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MSE News: New opt-out service to stop charities cold-calling launches: How to sign up

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MSE News: New opt-out service to stop charities cold-calling launches: How to sign up

edited 10 July 2017 at 4:58PM in Phones & TV
10 replies 2.6K views
MSE_Ben_SMSE_Ben_S Former MSE
39 posts
edited 10 July 2017 at 4:58PM in Phones & TV
The Fundraising Preference Service launches on 6 July 2017. Find out how to opt out of charity cold-calling...
Read the full story:
'New opt-out service to stop charities cold-calling launches - how to sign up'
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Replies

  • gsmlnxgsmlnx Forumite
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    You'll then have to identify the specific charities you no longer want to hear from - it's not possible to simply opt out of all charity communications.
    This makes the service about as much use as a chocolate fire guard.
  • Ian011Ian011 Forumite
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    Until such time as usage of the telephone for marketing is banned and while people continue to be distracted by trying to define what is meant by "consent" (just how can you consent to an unsolicited call?) nuisance calls will not cease.

    There has already been more than a decade of failed regulation and the new service will do little or nothing to fix the problem.
  • edited 6 July 2017 at 1:36AM
    reduxredux Forumite
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    edited 6 July 2017 at 1:36AM
    Now
    gsmlnx wrote: »
    This makes the service about as much use as a chocolate fire guard.

    Agreed. How on earth can someone opt out of hearing from a charity that they haven't heard of yet?

    The whole thing is back to front, moving the responsibility to the receiver not the sender.

    At least, alongside this new measure, or preferably ahead of it, charities should be banned from reselling their donor details to other charities, as simple as that. That is where the problem is at the moment, with all the junk mail and free pens and other trivial emotional blackmail gifts people keep receiving from unknown and new ones because they do donate to some others.

    That sort of ethical standard has applied for years to commercial sales marketing -firms aren't allowed to resell customer details to other companies without the customer's permission. Why have charities been allowed to behave more shabbily?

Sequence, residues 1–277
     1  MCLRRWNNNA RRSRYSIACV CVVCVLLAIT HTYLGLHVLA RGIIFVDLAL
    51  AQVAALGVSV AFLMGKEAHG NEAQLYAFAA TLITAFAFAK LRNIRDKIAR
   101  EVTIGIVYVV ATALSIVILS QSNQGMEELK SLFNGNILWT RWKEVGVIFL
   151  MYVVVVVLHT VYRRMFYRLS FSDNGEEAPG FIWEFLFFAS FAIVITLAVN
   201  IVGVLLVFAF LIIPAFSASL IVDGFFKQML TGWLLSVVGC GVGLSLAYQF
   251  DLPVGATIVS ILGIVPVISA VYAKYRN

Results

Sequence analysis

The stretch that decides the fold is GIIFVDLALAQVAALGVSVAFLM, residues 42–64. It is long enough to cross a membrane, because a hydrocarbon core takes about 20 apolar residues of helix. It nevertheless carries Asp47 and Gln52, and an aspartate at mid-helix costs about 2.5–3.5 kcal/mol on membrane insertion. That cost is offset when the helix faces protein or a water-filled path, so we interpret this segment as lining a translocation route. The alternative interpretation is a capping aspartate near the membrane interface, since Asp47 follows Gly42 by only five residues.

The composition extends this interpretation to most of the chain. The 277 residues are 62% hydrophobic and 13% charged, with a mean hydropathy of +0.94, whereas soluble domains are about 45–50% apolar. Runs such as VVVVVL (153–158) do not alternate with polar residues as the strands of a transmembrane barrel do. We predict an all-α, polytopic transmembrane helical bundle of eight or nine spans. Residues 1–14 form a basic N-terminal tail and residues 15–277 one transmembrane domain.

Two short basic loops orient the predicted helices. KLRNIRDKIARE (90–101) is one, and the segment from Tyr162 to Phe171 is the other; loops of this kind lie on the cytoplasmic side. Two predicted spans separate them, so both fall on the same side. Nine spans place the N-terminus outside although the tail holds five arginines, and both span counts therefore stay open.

Sorry if this sounds callous. I'm not against donating. But how many charities is someone likely to want to support in a certain field? Let's say animals for example - 2 or 3, 8 or 10, 30 to 50?
  • edited 6 July 2017 at 1:17PM
    pbfhpunkpbfhpunk Forumite
    223 posts
    edited 6 July 2017 at 1:17PM
    At least, alongside this new measure, or preferably ahead of it, charities should be banned from reselling their donor details to other charities, as simple as that. That is where the problem is at the moment, with all the junk mail and free pens and other trivial emotional blackmail gifts people keep receiving from unknown and new ones because they do donate to some others.

    This does happen with charities. You can't sell data on unless you have permission, but most charities don't do this. Probably the issue that you described is people receiving cold mailings because they're on another companies list. A lot of catalogue and magazine subscriptions sell data unless you tick the no third parties list box. These lists are then bought by lots of different companies - not just charities - call the company that sent the mailing, they will ask you to quote a number on the mailing and can tell you what list you were on. You can then request to be removed from the list either by asking the company to pass your details on or asking for the details of the list broker.

    But there are rules whn yo ubuy lists that you can't keep that person's data unless they buy something/donate and you can only use the data once, and that person will be removed if you request data from the same list within a certain time period.

    The overall learning is whenever you complete any form where you're giving data is to opt out of third-party mailings.
    Hell yeah!!
  • pbfhpunkpbfhpunk Forumite
    223 posts
    How on earth can someone opt out of hearing from a charity that they haven't heard of yet?